By working with National Public Radio, the solution had to do a couple of things: one, it had to be highly accurate and very timely because of the emergency component to it. And frankly, it had to be inexpensive, because NPR does not have a lot of resources to develop and then provide these services. What came out of that joint project was a technology originally called Towson University Captioning Solution, which started during the live transcripts for NPR’s talk radio. If you went on their website today, every transcript you see on NPR’s website is us.
One of our divisions, our Commercial Solutions Division in BTS Software Solutions, was doing the software development in support of the speech-to-text capability. We looked at that, and we looked at the technology, and we looked at the market. At that point Towson University was doing about a $250,000 with the work commercially out of the lab in the College of Liberal Arts, and started to bump up pretty hard against the ability to run a commercial service inside a state university. We had great conversations with Dr. Sheffield, Dean Terry Cooney of the College of Liberal Arts, and Tim Chandler—the then acting President of Towson University—and we realized it was best for everybody if we could pull it out, put it in a commercial space where we could continue to serve our mission of deaf and hard of hearing, but really start to grow the company into what its potential was. We started that conversation in January of 2014, and then we completed the transfer in December 2014, and it became a separate business unit within its parent company, BTS Software Solutions.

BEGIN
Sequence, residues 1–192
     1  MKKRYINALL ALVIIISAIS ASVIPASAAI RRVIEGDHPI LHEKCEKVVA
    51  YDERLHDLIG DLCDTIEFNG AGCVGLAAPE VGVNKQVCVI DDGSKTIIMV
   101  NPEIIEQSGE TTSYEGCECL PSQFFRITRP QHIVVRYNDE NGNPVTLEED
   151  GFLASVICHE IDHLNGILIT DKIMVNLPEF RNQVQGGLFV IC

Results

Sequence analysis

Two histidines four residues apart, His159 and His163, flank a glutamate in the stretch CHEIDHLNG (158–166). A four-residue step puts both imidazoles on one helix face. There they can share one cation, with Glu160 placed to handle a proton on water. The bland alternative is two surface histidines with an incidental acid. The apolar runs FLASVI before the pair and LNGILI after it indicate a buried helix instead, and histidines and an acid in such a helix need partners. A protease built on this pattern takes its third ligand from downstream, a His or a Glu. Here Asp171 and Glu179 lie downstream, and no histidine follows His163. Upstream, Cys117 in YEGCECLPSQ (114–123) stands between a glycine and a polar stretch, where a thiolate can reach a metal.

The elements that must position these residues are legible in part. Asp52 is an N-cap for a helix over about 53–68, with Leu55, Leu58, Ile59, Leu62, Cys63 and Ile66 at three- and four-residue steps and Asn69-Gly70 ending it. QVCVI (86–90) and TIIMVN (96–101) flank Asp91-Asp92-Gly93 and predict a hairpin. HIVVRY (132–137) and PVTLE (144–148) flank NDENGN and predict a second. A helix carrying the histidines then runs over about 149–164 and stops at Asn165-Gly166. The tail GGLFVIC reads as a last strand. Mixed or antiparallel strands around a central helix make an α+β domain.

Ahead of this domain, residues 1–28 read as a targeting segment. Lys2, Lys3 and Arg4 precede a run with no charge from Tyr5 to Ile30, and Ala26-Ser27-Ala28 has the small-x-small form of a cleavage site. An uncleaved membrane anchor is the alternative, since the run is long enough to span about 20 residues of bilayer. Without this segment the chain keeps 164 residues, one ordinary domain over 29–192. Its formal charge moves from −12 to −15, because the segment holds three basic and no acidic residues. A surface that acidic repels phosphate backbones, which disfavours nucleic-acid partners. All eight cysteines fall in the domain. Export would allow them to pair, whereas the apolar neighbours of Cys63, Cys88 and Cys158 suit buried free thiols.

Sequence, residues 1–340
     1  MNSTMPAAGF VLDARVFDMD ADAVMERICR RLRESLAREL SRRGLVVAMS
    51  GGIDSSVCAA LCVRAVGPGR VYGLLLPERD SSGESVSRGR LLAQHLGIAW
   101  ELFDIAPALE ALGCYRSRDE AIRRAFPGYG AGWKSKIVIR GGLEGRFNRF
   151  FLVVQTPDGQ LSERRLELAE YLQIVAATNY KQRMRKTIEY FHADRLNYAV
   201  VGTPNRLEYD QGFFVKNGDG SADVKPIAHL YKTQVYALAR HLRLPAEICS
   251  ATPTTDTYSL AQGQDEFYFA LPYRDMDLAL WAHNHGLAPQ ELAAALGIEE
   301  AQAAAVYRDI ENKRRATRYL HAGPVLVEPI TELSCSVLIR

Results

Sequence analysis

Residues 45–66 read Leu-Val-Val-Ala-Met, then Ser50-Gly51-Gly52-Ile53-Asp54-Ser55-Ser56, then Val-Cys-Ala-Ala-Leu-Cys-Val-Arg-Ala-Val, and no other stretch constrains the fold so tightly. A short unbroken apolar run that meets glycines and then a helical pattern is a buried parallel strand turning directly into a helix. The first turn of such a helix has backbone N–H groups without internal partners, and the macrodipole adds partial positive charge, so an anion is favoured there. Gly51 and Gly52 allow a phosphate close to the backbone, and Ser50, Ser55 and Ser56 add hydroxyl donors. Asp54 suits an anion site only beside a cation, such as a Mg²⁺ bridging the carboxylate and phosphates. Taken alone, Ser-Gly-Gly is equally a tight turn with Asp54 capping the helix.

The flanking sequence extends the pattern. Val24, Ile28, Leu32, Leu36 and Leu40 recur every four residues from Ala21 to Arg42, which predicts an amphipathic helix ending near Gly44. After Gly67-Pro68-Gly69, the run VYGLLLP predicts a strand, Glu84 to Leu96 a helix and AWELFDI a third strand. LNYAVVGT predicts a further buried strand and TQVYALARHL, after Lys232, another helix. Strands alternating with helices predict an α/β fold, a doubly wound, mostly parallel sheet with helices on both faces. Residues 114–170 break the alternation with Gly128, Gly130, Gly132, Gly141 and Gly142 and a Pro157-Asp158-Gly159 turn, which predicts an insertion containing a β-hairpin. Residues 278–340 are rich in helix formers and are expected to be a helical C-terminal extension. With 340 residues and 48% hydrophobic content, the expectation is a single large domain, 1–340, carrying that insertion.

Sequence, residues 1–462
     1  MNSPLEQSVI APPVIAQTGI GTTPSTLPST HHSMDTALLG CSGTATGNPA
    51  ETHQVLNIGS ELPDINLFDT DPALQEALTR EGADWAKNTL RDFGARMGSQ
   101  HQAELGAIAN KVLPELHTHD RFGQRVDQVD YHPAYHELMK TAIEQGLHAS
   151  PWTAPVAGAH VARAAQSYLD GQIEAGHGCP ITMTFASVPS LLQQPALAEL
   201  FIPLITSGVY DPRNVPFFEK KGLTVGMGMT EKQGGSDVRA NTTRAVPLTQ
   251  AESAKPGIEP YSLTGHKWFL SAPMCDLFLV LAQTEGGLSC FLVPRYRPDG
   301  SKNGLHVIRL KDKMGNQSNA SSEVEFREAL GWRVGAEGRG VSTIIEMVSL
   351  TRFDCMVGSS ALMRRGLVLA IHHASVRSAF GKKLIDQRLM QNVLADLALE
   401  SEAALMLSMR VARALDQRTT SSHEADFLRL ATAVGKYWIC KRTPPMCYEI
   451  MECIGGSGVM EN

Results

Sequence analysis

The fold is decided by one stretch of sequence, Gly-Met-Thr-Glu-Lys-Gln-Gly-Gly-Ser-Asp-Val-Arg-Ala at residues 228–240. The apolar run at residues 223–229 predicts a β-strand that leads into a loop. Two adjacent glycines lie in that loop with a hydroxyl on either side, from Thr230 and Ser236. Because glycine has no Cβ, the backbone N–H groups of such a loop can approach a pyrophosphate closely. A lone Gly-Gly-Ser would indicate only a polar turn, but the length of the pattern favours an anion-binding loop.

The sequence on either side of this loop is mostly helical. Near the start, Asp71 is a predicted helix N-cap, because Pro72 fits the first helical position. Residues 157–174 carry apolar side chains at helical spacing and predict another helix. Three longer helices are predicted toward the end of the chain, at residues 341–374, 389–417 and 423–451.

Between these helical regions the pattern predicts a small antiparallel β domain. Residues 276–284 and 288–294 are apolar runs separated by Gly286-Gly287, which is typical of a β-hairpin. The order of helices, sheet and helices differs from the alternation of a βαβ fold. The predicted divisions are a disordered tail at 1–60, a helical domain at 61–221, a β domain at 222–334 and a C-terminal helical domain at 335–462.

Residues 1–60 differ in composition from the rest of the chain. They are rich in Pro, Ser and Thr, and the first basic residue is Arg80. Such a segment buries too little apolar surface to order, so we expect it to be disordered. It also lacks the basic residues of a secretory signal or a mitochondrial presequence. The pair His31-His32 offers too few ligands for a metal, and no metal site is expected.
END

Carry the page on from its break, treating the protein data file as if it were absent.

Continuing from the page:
Q. How big is the industry, and where do you see the company’s next opportunities?
A. The speech-to-text industry writ large is $16 billion or more. Frankly, we can’t scope it because there are so many use cases that are not using it right now. What Verb8tm offers is a faster, better, less expensive, more scalable solution for multiple-speaker audio. We wanted to zero in on the sectors that we really understand and, frankly, already have deep hooks in: the education market and the broadcast media market, specifically radio, but also some post-production video and audio content.